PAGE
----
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Zambonis arrive as Wrigley Field takes shape ahead of Winter Classic

CHICAGO - Usually at Wrigley Field, it's a big Zambrano (Carlos) that draws the attention, the six-foot-five, 255-pound ace of the Chicago Cubs' pitching staff.

On Thursday, two weeks before the Winter Classic outdoor hockey game between the Detroit Red Wings and Chicago Blackhawks, it was the Zambonis everyone was watching.

As the two ice resurfacing machines were being taken off a flatbed truck, the brakes on one of the vehicles locked and it went tumbling off the back.

"We were trying to offload it. It stalled and we tried to lift it up to start it up again and we found out that the brakes were frozen," said Dan Craig, the NHL's facilities operation manager.

"Everybody saw the little baby come flying off there."

The machine survived the fall and so did the driver and both were OK, Craig reported on a day when workers were laying down the base for the rink with aluminum sheets, hoping to start the ice-making on Friday - if the weather co-operated.

According to the NHL, more than 400 workers will take part in transforming the second-oldest ball park in the major leagues into a hockey venue for just the second regular-season outdoor game ever played in the United States.

They will use 52,000 feet of plywood and 32,000 feet of decking in the project, along with 20,000 gallons of water to create ice and 350 gallons of paint. Scaffolding being put up in front of the famed brick outfield walls at Wrigley Field will be used to recreate the ivy that is green in the summer and also used for advertising.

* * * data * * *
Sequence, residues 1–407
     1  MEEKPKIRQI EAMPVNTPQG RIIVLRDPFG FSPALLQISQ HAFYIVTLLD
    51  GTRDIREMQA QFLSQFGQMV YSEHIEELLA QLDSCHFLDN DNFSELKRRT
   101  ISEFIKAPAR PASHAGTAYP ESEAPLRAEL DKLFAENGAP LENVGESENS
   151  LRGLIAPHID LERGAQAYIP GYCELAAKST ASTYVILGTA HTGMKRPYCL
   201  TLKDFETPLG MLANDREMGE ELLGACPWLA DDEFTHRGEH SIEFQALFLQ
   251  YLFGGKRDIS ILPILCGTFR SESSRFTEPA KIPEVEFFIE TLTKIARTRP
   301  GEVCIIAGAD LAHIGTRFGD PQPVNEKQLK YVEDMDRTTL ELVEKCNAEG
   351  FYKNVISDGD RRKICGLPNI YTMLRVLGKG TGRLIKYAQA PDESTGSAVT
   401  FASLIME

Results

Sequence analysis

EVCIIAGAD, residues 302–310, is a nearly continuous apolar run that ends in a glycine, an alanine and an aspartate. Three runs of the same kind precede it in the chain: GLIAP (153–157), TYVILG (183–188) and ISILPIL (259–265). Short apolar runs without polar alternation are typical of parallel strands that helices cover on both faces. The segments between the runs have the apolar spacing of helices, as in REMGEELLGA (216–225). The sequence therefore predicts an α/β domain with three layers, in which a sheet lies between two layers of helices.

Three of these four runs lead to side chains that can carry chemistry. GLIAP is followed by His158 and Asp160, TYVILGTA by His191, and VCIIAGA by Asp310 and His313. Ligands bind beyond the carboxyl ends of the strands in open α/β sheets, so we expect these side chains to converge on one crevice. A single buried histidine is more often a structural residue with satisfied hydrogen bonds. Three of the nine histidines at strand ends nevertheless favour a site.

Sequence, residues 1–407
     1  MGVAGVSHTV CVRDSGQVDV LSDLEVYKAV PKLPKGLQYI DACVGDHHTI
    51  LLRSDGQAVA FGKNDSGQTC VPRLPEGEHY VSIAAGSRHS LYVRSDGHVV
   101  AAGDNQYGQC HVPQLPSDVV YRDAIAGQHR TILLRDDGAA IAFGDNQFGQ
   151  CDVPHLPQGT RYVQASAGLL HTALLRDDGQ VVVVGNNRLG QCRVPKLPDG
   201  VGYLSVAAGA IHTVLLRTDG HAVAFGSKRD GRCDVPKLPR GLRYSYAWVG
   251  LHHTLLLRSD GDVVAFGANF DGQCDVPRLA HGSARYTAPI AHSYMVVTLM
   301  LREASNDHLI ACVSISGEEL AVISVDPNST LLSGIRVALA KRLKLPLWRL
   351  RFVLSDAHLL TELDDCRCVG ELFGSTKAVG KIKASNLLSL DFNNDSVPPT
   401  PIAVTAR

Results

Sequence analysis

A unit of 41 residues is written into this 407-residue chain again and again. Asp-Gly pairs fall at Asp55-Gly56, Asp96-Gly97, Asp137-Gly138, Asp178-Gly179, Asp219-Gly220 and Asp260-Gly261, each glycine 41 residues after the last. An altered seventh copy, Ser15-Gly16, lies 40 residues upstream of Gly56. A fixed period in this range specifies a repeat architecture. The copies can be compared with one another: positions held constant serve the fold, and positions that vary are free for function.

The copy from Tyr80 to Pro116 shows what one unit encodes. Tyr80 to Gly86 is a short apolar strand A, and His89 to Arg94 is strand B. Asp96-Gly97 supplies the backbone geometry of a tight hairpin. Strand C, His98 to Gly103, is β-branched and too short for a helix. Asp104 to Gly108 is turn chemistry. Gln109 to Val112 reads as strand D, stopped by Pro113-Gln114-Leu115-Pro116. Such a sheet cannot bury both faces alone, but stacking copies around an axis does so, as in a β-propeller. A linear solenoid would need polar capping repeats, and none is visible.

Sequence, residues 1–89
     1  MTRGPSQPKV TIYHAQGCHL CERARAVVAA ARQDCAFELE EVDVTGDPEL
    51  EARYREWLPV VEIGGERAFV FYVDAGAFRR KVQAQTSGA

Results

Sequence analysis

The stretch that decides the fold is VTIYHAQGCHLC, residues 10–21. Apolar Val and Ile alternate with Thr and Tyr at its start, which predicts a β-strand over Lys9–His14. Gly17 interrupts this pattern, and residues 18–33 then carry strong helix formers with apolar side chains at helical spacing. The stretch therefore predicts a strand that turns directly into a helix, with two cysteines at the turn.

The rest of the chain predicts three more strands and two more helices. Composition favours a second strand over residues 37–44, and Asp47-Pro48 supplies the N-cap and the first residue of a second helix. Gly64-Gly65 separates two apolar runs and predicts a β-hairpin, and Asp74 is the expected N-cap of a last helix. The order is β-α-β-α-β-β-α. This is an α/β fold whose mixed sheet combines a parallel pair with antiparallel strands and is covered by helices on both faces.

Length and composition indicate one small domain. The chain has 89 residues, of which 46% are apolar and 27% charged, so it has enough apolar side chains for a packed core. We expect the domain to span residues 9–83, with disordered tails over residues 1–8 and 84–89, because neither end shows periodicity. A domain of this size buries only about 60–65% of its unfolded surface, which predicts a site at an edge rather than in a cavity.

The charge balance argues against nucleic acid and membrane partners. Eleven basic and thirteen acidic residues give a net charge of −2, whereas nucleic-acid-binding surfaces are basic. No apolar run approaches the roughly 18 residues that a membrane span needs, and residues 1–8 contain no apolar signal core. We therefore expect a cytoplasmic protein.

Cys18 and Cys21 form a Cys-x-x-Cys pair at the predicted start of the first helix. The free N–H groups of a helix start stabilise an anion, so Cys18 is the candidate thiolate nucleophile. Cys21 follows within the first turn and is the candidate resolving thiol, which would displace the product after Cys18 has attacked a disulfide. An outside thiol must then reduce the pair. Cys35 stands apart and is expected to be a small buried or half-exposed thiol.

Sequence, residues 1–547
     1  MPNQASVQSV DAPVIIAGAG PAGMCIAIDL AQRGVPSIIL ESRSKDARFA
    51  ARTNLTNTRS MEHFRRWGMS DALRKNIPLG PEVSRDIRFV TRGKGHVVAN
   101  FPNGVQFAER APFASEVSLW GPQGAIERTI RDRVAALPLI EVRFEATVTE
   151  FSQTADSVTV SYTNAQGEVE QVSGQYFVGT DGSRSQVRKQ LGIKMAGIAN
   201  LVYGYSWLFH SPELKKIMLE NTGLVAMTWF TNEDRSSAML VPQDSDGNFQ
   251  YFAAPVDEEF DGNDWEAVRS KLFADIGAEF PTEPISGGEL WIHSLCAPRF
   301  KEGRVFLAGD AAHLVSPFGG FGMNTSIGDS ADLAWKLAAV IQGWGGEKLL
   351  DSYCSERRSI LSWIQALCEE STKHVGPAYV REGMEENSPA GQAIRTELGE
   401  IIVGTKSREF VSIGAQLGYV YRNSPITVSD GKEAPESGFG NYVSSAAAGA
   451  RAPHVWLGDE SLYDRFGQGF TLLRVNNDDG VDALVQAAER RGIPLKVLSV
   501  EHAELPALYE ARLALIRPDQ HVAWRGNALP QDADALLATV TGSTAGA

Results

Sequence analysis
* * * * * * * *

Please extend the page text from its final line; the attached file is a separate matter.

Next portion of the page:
The goals will be along the first and third base lines with the penalty box just on the second base side of the pitcher's mound.

Craig said it takes about 24 hours to create an inch of ice and he hopes to have an inch or an inch and a quarter down by Monday, even with the second winter storm of the week forecast for Chicago on Thursday night.

Dealing with inclement weather is something he's ready for, especially after last year's Winter Classic in Orchard Park, N.Y., featured game-time snow when the Buffalo Sabres played the Pittsburgh Penguins.

"We had over 2 1/2 inches of snow come down during the game," Craig said, adding that it didn't seem to bother the players.

"If you watched the game last year when we were doing the national anthems, the guys were smiling. They wanted to be out there. Those guys looked like they were 10 year old again."

Craig said he also has much more time to prepare the entire project this time - over two weeks, compared to eight days last year. The NHL took over Ralph Wilson Stadium hours after the Buffalo Bills' home season finale on Dec. 23 a year ago. During the game, there were some problems with ice coming up that created delays for patching.

"There was just not enough time to make sure we were 100 per cent solid," Craig said.



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